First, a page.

I’d like to thank everybody who has contributed to making Qt 5.12 possible. Special thanks go to KDAB for consistently being the largest contributor to Qt (outside of the Qt Company), Thiago Macieira for his work on maintaining Qt Core and Christian Ehrlicher who has been contributing a huge amount of changes to this release.

So, go ahead – download Qt 5.12 from your Qt Account or  And join the upcoming live webinar with Live Q&A with Tuukka Turunen and myself.

Watch the Webinar: Meet Qt 5.12 LTS


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Posted in Announcements, Biz Circuit & Dev Loop, Community, Contributors, Customers


Alex says:

Good job releasing new update with P1 crashes not fixed. Also love how my QTBUG-64890 listing a whole bunch of UI issues had not been acted on in over a year. UI bugs bot being fixed in a UI framework!

I used to be a huge Qt fan, proponent and advocate. Qt still is the easiest way to write a C++ application with GUI, even if you don’t need it to be cross-platform. But the lack of support for widgets makes me start to seriously consider the words of my colleague when he says Qt is declining and we need to write our own thin cross-platform wrapper over native APIs for MacOS and Windows.

Alex says:

P. S. Pardon my harsh tone. I’m merely upset by seeing Qt move in a direction I don’t understand, abandoning things that made Qt great and second-to-none.

Massimo says:

Big fan of Qt too, but I’m with Alex here. Qt3D alone has 49 P1 issues open, which makes me not even consider 5.12.0 as it is. Lately I noticed one step ahead and two steps behind at each release. Contributing and reporting bugs is also not fun. Most of them are simply ignored and left to rot for years.
Guys, please FIX things before adding new stuff. It is more important to have a stable and performant Qt rather than 100 modules and 1 million APIs.

Tuukka Turunen Tuukka Turunen says:

@massimo: Qt 5.12 provides multiple fixes over previous version. There will also be multiple patch releases coming with more fixes during the next three years. Our view is to release improvements regularly rather than wait all issues to be fixed before making a new release. Regressions are of highest priority to fix in order to ensure each new release is better than the previous one..

aamann says:

I also have reported multiple regressions as early as RC1 and nobody has even looked at them – 5.12 is unusable for us and we can’t use 5.11.3 either since it includes some bugs from the 5.12RC (which since have been fixed).

Kai Köhne says:

To be fair, you don’t know whether they have been looked at or not … more likely then not they have been at least triaged.

Drw says:

Exact same feeling here. In the Qt 3 and Qt 4 days we never had to patch a Qt version. Since Qt 5, there was not a single release of Qt we could use for software releases without painfully patching several bugs first and introducing ugly workarounds in our own code.

Most Qt 5.x versions (including 5.7.x, 5.8.x, 5.11.x and 5.12) were outright unusable for releases due to multiple severe problems 🙁 It pains me to say this since I too am at heart (still) a huge Qt fan…

@Drw: If you need to create a patch to fix the bug for your, why not also contributing the patch for other users?

Drw says:

These patches are all available in the Qt bug tracker but for newer versions. We basically have to backport fixes from newer Qt versions into older Qt versions which are less severely broken over all.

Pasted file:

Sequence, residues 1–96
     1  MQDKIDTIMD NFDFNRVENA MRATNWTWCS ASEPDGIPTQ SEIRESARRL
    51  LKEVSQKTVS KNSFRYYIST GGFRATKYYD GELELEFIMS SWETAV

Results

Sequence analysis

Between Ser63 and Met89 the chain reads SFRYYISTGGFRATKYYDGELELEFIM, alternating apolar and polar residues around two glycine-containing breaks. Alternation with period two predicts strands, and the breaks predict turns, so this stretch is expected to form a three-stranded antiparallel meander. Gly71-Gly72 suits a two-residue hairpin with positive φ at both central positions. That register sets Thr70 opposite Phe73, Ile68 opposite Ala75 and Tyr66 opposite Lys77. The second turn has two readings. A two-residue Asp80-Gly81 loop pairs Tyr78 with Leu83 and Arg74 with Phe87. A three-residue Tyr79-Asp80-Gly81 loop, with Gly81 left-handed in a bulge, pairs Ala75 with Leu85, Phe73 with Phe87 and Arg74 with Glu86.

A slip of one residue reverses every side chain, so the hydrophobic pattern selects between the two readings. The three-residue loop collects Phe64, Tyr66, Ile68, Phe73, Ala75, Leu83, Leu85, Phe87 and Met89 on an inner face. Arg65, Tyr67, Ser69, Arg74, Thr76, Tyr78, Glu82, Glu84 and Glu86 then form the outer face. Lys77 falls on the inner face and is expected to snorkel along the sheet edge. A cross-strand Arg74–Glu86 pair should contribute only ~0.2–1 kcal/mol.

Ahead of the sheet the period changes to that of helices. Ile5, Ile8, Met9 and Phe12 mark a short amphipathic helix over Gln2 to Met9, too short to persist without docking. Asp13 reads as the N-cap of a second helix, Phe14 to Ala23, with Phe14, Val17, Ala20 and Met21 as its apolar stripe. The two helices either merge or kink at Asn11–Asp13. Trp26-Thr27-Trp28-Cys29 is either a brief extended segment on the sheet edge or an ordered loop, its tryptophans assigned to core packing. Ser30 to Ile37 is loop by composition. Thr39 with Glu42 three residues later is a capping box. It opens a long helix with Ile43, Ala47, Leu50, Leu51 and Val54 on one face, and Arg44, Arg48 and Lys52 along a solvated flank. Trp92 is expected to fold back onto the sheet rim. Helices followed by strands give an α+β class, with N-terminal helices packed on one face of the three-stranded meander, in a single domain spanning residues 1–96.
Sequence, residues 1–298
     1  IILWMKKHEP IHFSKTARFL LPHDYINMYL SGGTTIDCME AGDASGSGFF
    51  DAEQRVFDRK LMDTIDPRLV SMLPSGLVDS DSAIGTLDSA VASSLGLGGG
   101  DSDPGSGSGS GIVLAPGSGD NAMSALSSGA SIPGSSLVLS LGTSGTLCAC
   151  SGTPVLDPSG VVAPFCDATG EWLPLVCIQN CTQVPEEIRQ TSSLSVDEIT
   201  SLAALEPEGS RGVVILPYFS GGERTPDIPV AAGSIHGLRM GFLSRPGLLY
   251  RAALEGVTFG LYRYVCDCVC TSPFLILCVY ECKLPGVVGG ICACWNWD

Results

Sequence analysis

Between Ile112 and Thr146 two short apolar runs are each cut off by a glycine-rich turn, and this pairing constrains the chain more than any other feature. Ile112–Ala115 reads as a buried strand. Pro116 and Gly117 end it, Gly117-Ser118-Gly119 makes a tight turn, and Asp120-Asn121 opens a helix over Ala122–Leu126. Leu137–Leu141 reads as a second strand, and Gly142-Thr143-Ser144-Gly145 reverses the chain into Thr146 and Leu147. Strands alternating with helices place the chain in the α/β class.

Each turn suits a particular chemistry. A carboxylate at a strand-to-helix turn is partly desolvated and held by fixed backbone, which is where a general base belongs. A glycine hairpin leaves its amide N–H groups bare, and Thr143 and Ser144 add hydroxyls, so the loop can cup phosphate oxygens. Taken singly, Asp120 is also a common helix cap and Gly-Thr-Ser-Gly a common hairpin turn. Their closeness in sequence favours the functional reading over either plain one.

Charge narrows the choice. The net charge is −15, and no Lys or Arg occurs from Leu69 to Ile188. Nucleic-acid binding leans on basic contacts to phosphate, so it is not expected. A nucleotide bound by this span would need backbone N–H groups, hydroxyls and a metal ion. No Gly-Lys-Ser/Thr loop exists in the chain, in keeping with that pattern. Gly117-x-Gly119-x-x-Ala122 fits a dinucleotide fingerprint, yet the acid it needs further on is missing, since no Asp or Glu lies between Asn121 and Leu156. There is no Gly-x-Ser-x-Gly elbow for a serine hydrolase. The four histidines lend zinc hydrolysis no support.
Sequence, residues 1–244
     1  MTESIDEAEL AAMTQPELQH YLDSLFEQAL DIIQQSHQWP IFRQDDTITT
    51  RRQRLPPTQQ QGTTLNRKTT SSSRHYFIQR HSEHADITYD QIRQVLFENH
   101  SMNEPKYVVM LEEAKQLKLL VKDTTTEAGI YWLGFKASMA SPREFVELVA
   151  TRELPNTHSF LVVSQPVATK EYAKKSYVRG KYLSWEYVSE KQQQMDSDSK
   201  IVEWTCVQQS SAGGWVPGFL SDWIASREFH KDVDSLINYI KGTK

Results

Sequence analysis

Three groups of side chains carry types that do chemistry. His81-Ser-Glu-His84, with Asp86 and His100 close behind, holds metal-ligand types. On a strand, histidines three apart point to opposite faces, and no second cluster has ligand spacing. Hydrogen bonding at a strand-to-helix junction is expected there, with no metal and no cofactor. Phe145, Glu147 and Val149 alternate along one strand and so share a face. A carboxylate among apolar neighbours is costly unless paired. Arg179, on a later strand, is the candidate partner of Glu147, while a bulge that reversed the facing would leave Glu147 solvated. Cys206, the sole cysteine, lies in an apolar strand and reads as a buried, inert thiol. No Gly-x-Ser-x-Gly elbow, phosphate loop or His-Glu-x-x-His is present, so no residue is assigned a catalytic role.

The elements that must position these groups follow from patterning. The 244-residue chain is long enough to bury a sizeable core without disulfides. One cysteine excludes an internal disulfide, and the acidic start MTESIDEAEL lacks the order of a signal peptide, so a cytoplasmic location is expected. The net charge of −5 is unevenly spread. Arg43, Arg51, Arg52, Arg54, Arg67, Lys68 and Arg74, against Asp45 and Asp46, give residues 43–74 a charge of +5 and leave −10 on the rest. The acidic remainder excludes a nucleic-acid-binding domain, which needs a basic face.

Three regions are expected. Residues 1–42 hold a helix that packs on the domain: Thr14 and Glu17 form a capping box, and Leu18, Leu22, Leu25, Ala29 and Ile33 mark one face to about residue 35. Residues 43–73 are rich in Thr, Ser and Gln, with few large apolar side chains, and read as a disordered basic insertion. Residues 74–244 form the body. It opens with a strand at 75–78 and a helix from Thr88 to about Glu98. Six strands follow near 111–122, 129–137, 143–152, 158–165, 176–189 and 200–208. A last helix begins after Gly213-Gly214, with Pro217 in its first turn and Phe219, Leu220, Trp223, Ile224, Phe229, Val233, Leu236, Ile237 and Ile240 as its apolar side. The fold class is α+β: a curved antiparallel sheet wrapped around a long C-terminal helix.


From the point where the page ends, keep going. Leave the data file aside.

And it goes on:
For example, newer Qt version have the performance problem QTBUG-71778 (5.11.x, 5.12), this makes them unusable for us and it cannot be easily fixed on our side. So we go back to the last working version (5.10.1) and apply patches for those bugs that have been fixed and are crucial for us. As you can imagine that’s a never ending story…

Alexander Ivash says:

Congrats on release, but things like (another P1) imo should have been fixed.

Karapet Khachoyan says:

It’s awesome! Is there plan in future to make QtSql module work with Webassembly platform?
And, of course, some features like threads, local storage access, and dynamic linking…is it possible to make features above working as well as on desktop platforms?

Sandro F says:

Nice! Thanks for the good work.

All Android Developers should care about which makes this version almost unuseable.

Tomas L says:

And if you’re using Android service, you can’t currently go any higher than Qt 5.11.1, as this one is has no fix or workaround: [5.10->5.11 regression] Activity can not be restarted from service notification

Dimitar Dobrev says:

There’s something which really confuses me. says Qt Quick Controls 1 is deprecated but Qt Quick Controls 2 still lacks, as far as I know, native styles to integrate with the host OS. How is Qt Quick supposed to entirely replace QtWidgets over time when it cannot be used to make any decent desktop application?

Volker Hilsheimer says:

QtWidgets is not about to be made obsolete or replaced by Qt Quick? The two UI frameworks provide different paradigms, each optimised for different use cases. If you’re building a desktop app where native look’n’feel is more important than dynamic and fluid UIs, then QtWidgets is your choice; for apps where you want a custom, dynamic, fluid and perhaps primarily touch-friendly UI, and don’t care about native look, Qt Quick is the choice.

Dimitar Dobrev says:

Thank you for taking the time to reply. However, regardless of whether you’re a Qt employee or not, your statement suggests you haven’t tracked Qt Quick since it was released in 2010. It was advertised as the long term replacement of Qt Widgets and it made perfect sense because it’s obviously superior technology. In other words, you’re saying Qt developers “have the choice” of using the old and inferior Qt Widgets just because it has native styles and Qt Quick 2 doesn’t. You’re saying that in 2018 we are just fine without a simple declarative language for GUI flexible scripting language for GUI, declarative animations, GPU optimizations, simple JSON Please take a minute to contemplate how ridiculous this sounds.